1. In your working conditions avoid everyday mediocrity. Semi-relaxation, to a background of insipid sounds, is degrading. On the other hand, accompaniment by an etude or a cacophony of voices can become as significant for work as the perceptible silence of the night. If the latter sharpens the inner ear, the former acts as a touchstone for a diction ample enough to bury even the most wayward sounds.
    Walter Benjamin’s advice on your daily creative environment, from his 13 rules of writing. Pair with the daily routines of famous writers. (via explore-blog)

    (via explore-blog)

    1 year ago  /  207 notes  /  Source:

  2. Time ticks by; we grow older. Before we know it, too much time has passed and we’ve missed the chance to have had other people hurt us. To a younger me this sounded like luck; to an older me this sounds like a quiet tragedy.
    – Douglas Coupland (via inmemoryofcookie)

    1 year ago  /  10 notes  /  Source: inmemoryofcookie

  3. How far, we must ask ourselves, is a book influenced by its writer’s life — how far is it safe to let the man interpret the writer? How far shall we resist or give way to the sympathies and antipathies that the man himself rouses in us — so sensitive are words, so receptive of the character of the author? These are questions that press upon us when we read lives and letters, and we must answer them for ourselves, for nothing can be more fatal than to be guided by the preferences of others in a matter so personal.

    But also we can read such books with another aim, not to throw light on literature, not to become familiar with famous people, but to refresh and exercise our own creative powers.

    Virginia Woolf on the allure of reading famous diaries and letters (via explore-blog)

    (via explore-blog)

    1 year ago  /  176 notes  /  Source:

  4. explore-blog:

“Every tiny atom in your body came from a star that exploded long before you were born.”
You Are Stardust teaches kids about the whimsy and interconnectedness of the universe in stunning illustrated dioramas.
Bonus: Amidst the jarring gender gap in science education, this is a project by two women. 

    explore-blog:

    “Every tiny atom in your body came from a star that exploded long before you were born.”

    You Are Stardust teaches kids about the whimsy and interconnectedness of the universe in stunning illustrated dioramas.

    Bonus: Amidst the jarring gender gap in science education, this is a project by two women. 

    (via explore-blog)

    1 year ago  /  813 notes  /  Source:

  5. Time has a funny way of collapsing when you go back to a place you once loved. You find yourself thinking, I was kissed in that building, I climbed up that tree.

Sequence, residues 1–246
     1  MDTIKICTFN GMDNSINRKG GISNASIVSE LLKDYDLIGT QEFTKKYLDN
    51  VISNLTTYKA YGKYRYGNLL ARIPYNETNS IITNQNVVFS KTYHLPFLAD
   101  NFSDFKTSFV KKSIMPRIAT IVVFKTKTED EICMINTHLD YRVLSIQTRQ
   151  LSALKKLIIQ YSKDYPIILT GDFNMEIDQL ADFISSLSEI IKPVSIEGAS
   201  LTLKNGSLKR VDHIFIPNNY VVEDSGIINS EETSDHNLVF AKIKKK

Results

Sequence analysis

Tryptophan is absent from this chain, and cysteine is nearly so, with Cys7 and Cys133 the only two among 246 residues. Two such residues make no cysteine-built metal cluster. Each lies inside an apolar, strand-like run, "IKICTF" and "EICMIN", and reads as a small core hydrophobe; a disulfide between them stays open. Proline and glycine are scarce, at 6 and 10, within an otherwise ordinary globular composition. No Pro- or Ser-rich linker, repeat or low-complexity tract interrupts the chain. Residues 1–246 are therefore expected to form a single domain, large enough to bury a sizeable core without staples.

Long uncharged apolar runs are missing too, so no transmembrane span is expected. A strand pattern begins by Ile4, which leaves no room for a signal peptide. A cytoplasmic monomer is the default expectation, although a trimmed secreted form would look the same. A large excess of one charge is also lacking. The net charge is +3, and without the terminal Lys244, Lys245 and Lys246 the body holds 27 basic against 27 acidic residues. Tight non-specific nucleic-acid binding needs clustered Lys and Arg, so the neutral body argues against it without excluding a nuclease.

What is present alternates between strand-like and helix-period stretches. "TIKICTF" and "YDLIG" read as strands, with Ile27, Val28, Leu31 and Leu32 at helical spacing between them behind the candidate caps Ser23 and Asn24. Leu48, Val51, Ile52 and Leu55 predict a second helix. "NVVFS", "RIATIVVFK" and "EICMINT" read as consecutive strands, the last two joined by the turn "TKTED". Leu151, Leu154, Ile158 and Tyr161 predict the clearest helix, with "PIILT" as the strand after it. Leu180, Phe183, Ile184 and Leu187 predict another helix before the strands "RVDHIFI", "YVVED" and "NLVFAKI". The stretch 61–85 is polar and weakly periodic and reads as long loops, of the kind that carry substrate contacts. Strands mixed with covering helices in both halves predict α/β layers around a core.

Ann Patchett (via explore-blog)

    (via explore-blog)

    1 year ago  /  12,613 notes  /  Source:

  6. photo

    photo

    1 year ago  /  4,477 notes  /  Source: savemefromdistractions

  7. (via thisnapoleonride)

    1 year ago  /  493,383 notes  /  Source: anxietyanthologies

  8. explore-blog:

Mapping the distribution of higher education in America. Compare and contrast with the distribution of poverty:

    explore-blog:

    Mapping the distribution of higher education in America. Compare and contrast with the distribution of poverty:

    1 year ago  /  287 notes  /  Source: explore-blog

  9. newyorker:

“Skilled immigrants aren’t, as a group, taking jobs away from native-born workers. They’re creating them.”
James Surowiecki  explains why comprehensive immigration reform “will be a good thing for the economy, and it’s as close to a win-win policy as you’re going to find in politics”: http://nyr.kr/ZnmlWy

    newyorker:

    “Skilled immigrants aren’t, as a group, taking jobs away from native-born workers. They’re creating them.”

    James Surowiecki  explains why comprehensive immigration reform “will be a good thing for the economy, and it’s as close to a win-win policy as you’re going to find in politics”: http://nyr.kr/ZnmlWy

    1 year ago  /  287 notes  /  Source: newyorker.com

  10. explore-blog:

A fascinating meditation on the shortcomings of memory, necessary for the creative mind, by neurologist Oliver Sacks.

    explore-blog:

    A fascinating meditation on the shortcomings of memory, necessary for the creative mind, by neurologist Oliver Sacks.

    1 year ago  /  912 notes  /  Source: explore-blog